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Remember your First Period?

Remember your First Period?

Every woman will remember that time in her life when Aunt Flo visited for the very first time. It is an unforgettable milestone and heralds one’s transition into womanhood and no one ever forgets the shock and awe they experienced upon getting their first period. From locking oneself in the bathroom to blood stains, the revelation of finally hitting puberty and coming of age is always something that one remembers for a long time.

The onset of the first period of a woman is called Menarche. It heralds the beginning of the reproductive cycle of a woman and the growth of secondary sexual characters. This means that one’s body begins the production of hormones like progesterone and estrogen that causes developments like breasts to grow, hair in armpits, vaginal areas and other parts of the body, growth in height and in some cases, even pimples on the face. 

Even today, period talk is stigmatized in society and leads to misinformation and prevents girls, who have just reached puberty, from acquiring the right knowledge about their bodies. Therefore, in an effort to normalize the stereotype regarding menstruation, here are some answers to a few common questions that many teens may be having regarding their first period:

 

1. When does one get their first period? 

Menarche usually starts between the ages of 10-16 for most girls. Although there can be no way to perfectly determine when your period may begin, it usually depends on the socio-economic, genetic, and general mental and physical well-being of the woman. 

2. Should you feel embarrassed about it? 

It is alright if you get a little mortified during the first time you get your period. Remember, periods are just as normal as anything else. Talking to your mother, aunt, older sister, or anyone that you are comfortable with, will be one of the best resources to know what’s happening to you and why. This way, you won’t feel as if you are going through this new phase all by yourself and may even cut back some of the embarrassment quotient. 

3. Is there anything I can’t do while on my period? 

Your periods shouldn’t hold you back from pursuing anything in life. You can still go to school, play any sports, and even eat whatever you want! But at some times, periods may be accompanied by cramps and fatigue. Therefore, taking rest during this time is perfectly normal as well.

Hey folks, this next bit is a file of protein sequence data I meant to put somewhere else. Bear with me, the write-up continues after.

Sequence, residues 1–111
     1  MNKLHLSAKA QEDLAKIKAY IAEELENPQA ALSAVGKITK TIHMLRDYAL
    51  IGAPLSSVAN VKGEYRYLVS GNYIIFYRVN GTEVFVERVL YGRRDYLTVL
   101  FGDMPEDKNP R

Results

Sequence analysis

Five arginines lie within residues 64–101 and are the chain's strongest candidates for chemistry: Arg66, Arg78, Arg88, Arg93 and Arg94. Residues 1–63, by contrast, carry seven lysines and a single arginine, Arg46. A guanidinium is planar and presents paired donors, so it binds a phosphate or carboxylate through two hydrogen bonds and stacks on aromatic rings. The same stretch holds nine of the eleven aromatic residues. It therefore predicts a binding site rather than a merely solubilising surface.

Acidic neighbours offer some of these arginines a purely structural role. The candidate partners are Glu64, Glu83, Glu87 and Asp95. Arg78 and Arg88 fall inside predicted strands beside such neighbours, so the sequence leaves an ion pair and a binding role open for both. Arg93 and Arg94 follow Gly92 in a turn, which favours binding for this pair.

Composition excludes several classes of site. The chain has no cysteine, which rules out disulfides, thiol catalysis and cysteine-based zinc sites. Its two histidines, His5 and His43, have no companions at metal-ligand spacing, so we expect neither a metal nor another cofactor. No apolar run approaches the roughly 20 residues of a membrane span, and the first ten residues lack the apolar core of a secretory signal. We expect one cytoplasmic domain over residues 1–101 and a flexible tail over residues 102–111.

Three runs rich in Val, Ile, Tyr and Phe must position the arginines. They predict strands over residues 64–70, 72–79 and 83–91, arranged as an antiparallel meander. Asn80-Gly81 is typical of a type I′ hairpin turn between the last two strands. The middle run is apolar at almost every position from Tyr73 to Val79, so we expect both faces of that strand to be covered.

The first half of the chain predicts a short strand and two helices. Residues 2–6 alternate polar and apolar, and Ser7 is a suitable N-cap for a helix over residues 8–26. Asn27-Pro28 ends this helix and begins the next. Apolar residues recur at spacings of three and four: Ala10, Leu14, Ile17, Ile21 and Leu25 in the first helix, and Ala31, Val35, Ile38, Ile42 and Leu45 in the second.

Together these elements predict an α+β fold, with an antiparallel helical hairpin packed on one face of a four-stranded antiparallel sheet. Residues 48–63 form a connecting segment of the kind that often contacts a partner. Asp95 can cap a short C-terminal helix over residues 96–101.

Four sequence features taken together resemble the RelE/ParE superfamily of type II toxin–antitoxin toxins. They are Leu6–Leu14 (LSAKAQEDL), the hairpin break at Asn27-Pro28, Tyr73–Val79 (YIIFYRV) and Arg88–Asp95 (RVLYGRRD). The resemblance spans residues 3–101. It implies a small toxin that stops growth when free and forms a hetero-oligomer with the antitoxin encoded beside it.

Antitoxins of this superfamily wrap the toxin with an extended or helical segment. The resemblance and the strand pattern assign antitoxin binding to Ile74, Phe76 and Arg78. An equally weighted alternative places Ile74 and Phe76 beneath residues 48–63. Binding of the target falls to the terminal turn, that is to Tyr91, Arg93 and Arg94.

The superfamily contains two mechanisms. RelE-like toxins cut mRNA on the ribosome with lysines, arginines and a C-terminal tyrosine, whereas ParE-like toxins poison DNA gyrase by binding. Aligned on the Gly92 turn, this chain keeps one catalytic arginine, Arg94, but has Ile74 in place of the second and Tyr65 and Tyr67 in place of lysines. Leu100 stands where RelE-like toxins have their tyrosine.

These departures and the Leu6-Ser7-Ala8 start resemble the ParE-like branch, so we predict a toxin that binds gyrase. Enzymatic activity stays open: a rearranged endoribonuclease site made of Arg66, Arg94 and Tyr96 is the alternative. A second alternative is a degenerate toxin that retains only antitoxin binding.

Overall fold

4. How can I prepare for my period? 

There’s no telling when one’s period may hit, but if you're someone who likes to be prepared for things, we suggest carrying sanitary napkins with you at all times. You may also experience period symptoms like stomach aches, bloating, breaking out, sore breasts, or mood swings. Sometimes, you may get a bloodstain on your lower body but there is no need to panic. Asking a woman nearby for a menstrual product is perfectly appropriate behaviour and usually women never shy from helping out over this. 

5. What’s the ideal menstrual product to use if it’s my first period? 

With the market of menstrual products expanding, it may be a little confusing to figure out the perfect product. However, if it's your first period, going old school and using a sanitary pad seems like the wisest decision. Your vagina may still be adjusting to this new development, so inserting anything inside it in your first try may not be ideal. Later on, you can consult a gynecologist and see which menstrual products suit you best. 

6. What problems regarding my menstruation should I see a doctor about? 

- Your menstruation should last between 5-7 days and repeat within every 28-31 days. But if that isn’t the case, visit the doctor. 
- If you are 15 years old and haven’t gotten your period. Some experts say that a woman can get her periods as late as when she is 18 and since it mostly depends on genetics, it can be that the women in your family are late bloomers. However, if you are still concerned, there’s no harm in consulting a doctor. 
- If you have extreme pain that can’t be relieved by painkillers and experience very heavy bleeding, you should visit a gynecologist.

7. What changes will my body go through when my period starts? 

Puberty is that phase when our bodies begin to grow and develop more adult-like features. The onset of puberty is marked by the growth of secondary sexual characters like the growth of breasts in a woman, hormonal fluctuations, pubic hair, changes in voice, height, etc. However, as an adolescent, one may also experience changes like the growth of acne, armpit sweat, and wider hips. If you have some concern regarding any of these changes, visit a gynecologist and get your doubts cleared or talk to an experienced member of the family. 


As you come of age and transition into womanhood, things may appear a little nerve-racking, but keep in mind that whenever you feel overwhelmed with all the changes taking place in your body, you can always seek help. Talk to someone about what you're going through. This experience can be tough but remember, it matters. Period. 

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